The HR Specialist: Minnesota Employment Law

Former employees who collect unemployment benefits while working part-time jobs must report that income.

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You can terminate an employee for missing work because he had to spend the night in jail. He won’t be eligible for unemployment benefits because the firing was for misconduct related to regular attendance.

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There’s only so much you can do to prevent a racially hostile work environment. Fortunately, courts understand those limitations and won’t hold it against you—provided you acted in good faith to stop harassment.

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While it’s unpleasant and unproductive, having a supervisor scream at subordinates isn’t grounds for a race discrimination lawsuit if he never uses racially offensive words.

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As technology becomes more and more intrusive, today’s employees naturally wonder how far their employers can pry. Carefully weigh whether any form of employee surveillance is right for your organization.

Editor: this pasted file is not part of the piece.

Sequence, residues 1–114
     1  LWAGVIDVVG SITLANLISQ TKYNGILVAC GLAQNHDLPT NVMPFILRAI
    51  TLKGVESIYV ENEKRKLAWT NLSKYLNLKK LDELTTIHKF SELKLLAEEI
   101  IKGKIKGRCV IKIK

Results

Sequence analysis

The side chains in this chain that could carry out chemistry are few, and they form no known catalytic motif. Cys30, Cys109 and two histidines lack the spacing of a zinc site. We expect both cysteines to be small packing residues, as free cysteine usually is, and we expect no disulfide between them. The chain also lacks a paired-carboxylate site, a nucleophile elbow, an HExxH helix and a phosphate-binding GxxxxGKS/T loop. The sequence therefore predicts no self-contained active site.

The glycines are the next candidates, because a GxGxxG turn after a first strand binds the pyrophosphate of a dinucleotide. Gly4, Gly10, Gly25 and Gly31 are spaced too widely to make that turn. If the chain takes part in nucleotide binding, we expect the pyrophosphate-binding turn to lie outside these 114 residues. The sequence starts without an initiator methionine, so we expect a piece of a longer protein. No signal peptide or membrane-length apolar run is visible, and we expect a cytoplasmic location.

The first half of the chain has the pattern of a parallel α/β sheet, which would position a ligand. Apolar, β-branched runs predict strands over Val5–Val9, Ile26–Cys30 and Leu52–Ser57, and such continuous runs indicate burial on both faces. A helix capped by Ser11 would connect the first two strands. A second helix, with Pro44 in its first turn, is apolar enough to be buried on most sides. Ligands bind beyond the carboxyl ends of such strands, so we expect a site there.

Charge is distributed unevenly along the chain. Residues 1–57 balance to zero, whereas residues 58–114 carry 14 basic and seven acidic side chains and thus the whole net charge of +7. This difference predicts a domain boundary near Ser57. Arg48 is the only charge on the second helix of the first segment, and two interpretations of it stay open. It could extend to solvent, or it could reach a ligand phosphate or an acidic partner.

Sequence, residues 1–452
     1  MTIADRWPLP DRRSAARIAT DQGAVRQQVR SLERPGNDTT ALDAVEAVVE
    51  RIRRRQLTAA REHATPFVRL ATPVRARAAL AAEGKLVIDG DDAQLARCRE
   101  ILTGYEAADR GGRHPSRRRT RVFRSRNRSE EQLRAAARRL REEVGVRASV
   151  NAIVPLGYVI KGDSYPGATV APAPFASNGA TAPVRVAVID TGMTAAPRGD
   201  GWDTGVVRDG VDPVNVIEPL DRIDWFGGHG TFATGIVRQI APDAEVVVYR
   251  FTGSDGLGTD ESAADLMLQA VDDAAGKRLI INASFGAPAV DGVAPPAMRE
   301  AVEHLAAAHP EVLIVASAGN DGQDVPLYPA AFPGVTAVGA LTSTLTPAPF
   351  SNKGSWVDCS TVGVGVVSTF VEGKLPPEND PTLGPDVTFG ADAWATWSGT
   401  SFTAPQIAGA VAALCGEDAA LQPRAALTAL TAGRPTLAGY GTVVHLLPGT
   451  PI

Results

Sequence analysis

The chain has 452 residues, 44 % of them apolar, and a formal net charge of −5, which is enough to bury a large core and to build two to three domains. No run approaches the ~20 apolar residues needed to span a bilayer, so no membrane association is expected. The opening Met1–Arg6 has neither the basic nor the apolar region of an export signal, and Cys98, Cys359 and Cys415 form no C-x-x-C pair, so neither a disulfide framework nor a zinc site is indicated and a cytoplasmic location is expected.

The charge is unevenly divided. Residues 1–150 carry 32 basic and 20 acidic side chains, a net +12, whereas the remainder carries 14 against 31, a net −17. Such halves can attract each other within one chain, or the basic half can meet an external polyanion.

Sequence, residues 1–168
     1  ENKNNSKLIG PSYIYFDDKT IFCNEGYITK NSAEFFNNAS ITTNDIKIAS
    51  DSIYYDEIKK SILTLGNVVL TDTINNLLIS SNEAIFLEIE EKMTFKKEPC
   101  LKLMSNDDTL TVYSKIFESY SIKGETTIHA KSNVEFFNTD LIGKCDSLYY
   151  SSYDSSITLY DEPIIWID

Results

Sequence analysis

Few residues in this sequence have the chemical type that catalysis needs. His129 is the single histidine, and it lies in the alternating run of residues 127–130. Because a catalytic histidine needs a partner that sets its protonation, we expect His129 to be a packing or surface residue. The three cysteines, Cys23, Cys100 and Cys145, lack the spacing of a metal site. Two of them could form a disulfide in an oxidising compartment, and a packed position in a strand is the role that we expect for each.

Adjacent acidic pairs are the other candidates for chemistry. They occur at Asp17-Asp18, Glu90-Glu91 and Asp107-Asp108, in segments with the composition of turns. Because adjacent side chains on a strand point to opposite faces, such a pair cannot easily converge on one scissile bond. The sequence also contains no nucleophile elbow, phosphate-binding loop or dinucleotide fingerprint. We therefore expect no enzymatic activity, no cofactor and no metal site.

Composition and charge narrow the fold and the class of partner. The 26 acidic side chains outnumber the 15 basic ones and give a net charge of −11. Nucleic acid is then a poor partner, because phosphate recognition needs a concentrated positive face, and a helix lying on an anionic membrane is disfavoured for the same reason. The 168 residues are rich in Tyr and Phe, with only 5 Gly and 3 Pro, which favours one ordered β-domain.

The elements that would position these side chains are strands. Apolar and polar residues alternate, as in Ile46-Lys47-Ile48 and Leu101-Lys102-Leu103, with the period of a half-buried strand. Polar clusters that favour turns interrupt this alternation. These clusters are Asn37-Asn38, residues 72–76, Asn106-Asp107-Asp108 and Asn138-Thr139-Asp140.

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Minneapolis-based retail giant Target has agreed to remove any questions concerning job applicants’ criminal background from its applications nationwide.

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A class of 750 bartenders, waiters and security guards who worked for the now-defunct Drink and Spin nightclubs in Minneapolis has won a wage lawsuit that made it all the way to the Minnesota Supreme Court.

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When men and women work together, romantic relationships are bound to occur. Even rules that prohibit such relationships—at least between supervisors and subordinates—won’t stop that from happening. But an isolated affair isn’t a legal kiss of death.

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Employees who sue for bias must show that they suffered some harm from the discrimination they allege.

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A few years back, the U.S. Supreme Court ruled that chicken processing employees had to be paid for time spent putting on and taking off special protective clothing before and after their shifts. Since then, numerous lawsuits have challenged “donning and doffing” pay practices. Now, the 8th Circuit Court of Ap­peals has provided a bit of clarification.

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